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Our top ten blogs of 2014. No 7: David Keighley on the Savile scandal


Two stories about the BBC this week underline how morally bankrupt the Corporation is becoming in its day-to-day operations and attitudes.

Its default position – from new Trustee chairman Rona Fairhead downwards – now appears to be to champion whatever it does, no matter how reprehensible and indefensible.

This underlines yet again that the BBC Trustees – though supposed to guardians of the interests of licence-fee payers – in reality are little more than lackeys of the senior management team.

Story One relates to the continued handling of the Jimmy Savile affair.  It became clear last month here in this TCW item that Fairhead had already ‘gone native’ – and her  approach to her new role was going to be to defend existing practices and approaches in the BBC rather than to attempt reform.

Peter Oborne reports that Fairhead  has now provided further very worrying evidence of this defend-at-all costs mentality. She has categorically refused to open up a further investigation of an alleged cover-up by the most senior management in their handling of the Savile story, and a subsequent alleged failure by Nick Pollard – the man appointed by the Corporation to write an inquiry into their conduct – to report the facts fully.

The evidence relating to these issues provided by journalist Miles Goslett in the Oldie magazine is both detailed and compelling.  Fairhead’s head-in-sand approach thus appears to herald that as she enters her third month in her new role, she is becoming just as complacent about BBC shortcomings as her predecessors Lord Patten and Michael Lyons.

Story Two relates to the South Yorkshire Police raid on Cliff Richard’s home back in August in connection with alleged sexual abuse back in 1985. Human rights barrister Geoffrey Robertson suggested the BBC’s elevation of this to a major new event, complete with helicopter shots, was a gross intrusion of privacy totally out of proportion to the alleged wrong-doing.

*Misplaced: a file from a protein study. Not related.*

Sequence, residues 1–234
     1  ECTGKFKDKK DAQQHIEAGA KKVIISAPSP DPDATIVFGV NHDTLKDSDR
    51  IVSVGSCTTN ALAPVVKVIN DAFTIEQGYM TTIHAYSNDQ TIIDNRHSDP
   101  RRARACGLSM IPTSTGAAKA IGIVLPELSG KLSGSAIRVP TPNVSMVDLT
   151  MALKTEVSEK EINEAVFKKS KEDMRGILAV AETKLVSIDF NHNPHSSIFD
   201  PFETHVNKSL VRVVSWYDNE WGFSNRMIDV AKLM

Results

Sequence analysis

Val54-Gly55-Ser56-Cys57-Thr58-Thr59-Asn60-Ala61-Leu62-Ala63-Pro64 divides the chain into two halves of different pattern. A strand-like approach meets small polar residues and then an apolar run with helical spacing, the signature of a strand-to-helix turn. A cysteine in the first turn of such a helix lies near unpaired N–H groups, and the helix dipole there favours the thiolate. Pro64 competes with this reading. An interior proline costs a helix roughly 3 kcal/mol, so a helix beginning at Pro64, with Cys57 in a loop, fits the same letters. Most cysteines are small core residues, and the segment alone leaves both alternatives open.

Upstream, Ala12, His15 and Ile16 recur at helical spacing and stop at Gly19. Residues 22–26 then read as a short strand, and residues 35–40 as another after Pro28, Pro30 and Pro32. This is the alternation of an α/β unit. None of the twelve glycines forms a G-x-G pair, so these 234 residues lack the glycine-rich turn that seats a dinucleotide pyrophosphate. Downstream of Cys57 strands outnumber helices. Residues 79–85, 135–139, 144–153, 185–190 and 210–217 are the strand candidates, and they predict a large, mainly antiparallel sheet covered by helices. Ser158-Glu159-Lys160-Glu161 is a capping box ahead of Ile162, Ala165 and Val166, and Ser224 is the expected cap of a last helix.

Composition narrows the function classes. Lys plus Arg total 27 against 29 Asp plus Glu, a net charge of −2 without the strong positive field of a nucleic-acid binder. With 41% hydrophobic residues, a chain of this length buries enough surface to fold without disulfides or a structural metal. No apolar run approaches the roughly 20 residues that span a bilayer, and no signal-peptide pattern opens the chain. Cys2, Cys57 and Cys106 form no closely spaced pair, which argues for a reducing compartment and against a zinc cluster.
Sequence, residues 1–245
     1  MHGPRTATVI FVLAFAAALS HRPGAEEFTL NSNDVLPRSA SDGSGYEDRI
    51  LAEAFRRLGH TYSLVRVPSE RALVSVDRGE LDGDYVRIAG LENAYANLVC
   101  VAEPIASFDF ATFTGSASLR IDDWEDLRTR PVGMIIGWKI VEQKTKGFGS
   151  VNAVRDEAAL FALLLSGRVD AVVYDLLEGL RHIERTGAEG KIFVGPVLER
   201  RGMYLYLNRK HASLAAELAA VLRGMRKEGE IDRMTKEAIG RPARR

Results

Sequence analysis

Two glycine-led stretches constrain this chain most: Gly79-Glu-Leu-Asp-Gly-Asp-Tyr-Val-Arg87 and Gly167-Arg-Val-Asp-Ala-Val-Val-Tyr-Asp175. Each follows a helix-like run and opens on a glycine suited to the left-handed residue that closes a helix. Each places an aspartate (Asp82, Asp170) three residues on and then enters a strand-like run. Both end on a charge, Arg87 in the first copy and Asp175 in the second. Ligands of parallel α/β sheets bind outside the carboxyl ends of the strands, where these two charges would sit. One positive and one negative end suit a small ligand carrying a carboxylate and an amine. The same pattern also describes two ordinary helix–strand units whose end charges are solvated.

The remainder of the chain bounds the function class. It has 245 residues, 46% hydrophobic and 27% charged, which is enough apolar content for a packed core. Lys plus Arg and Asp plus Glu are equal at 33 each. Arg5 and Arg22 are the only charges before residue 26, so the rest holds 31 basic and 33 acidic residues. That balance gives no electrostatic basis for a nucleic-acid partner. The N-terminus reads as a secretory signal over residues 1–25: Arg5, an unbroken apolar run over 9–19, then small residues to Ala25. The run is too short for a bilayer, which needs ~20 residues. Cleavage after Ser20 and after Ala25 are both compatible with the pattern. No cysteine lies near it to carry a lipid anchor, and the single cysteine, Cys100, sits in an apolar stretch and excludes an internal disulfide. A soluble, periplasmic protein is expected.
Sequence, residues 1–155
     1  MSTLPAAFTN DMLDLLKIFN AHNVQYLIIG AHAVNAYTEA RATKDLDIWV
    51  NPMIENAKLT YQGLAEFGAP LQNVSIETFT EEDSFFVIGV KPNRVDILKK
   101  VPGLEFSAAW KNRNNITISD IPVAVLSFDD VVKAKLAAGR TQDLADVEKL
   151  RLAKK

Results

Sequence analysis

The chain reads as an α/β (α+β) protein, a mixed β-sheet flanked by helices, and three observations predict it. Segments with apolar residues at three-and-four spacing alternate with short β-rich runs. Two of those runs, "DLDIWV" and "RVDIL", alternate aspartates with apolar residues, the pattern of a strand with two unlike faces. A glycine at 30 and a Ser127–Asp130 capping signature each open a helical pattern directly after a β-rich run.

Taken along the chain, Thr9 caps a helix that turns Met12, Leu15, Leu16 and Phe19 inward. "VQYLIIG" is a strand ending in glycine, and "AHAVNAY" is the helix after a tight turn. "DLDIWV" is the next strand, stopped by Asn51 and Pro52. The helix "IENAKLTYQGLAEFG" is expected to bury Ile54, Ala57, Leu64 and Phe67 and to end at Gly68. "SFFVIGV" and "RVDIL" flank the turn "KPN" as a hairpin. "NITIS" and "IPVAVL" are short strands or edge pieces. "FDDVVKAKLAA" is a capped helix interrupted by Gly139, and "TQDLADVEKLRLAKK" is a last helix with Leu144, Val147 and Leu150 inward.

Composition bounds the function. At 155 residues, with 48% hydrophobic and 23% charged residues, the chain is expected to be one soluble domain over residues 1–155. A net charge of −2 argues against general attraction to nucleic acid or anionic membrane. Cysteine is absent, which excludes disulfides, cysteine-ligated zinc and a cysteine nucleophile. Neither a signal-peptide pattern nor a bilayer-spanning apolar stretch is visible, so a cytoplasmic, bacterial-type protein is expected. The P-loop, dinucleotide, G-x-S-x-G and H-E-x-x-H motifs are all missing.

Now it has emerged, through the release of transcripts to MPs, that not only were BBC reporters closely involved at every stage of the raid, but also that after the event, Jonathan Munro, the Corporation’s Head of News Gathering. was complicit with the South Yorkshire Police press officers in trying to stage-manage the resultant negative fall-out of such unfair treatment.

Indeed, reading the accounts of what actually went on, it is hard to avoid the impression that the BBC itself became a party to the raid, so integrally involved was it with the events as they unfolded. Did South Yorkshire Police actually go ahead with it because they were quite clearly being guaranteed by the Corporation a major splash?

The BBC’s response to these new developments has been, in effect, that it could not care less. A spokesman told the Mail on Sunday, which broke the story of the post-coverage complicity, that its approach to the raid had been given the thumbs-up by the Commons Home Affairs Select Committee and there would therefore be no further comment.

But not so fast. The Home Affairs Committee had not seen the post-raid transcripts when it made its decision back in September that the faults in the coverage had all been down to the South Yorkshire Police.

And in any case, as I wrote at the time on TCW, the Committee chairman, the oleaginous Keith Vaz, appeared to be bending over backwards to let the Corporation of the hook.

The reality is that the coverage of the raid on Sir Cliff’s home had all the hallmarks of the Corporation relishing the idea that they could discredit the veteran singer, who many believe is held in contempt by them because he dares to be an enthusiastic Christian and creates music that is liked by millions but is not in the BBC’s preferred Glastonbury mould.

The job of the Trustees is to hold to account management for any shortcomings – but don’t hold your breath here.

The reality is that both the Savile affair – where BBC senior management allegedly suppressed coverage of major wrongdoing – and the raid on Cliff Richard’s home, which, it appears,  was pursued with such vigour against journalist ethics and fairness because he is who he is,  are two sides of the same coin.

That is: the BBC’s journalism is rotten to the core and no-one at the Corporation will do anything to change it. Especially, it seems, the new chairman, Rona Fairhead.

Cliff Richard, it is reported, is considering suing the Corporation over its conduct. That’s not for the faint-hearted, but it seems that is only though such actions are the only way the Corporation is ever held to proper account.

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David Keighley
David Keighley
Former BBC news producer, BBC PR executive and head of corporate relations for TV-am. Director of News-watch.

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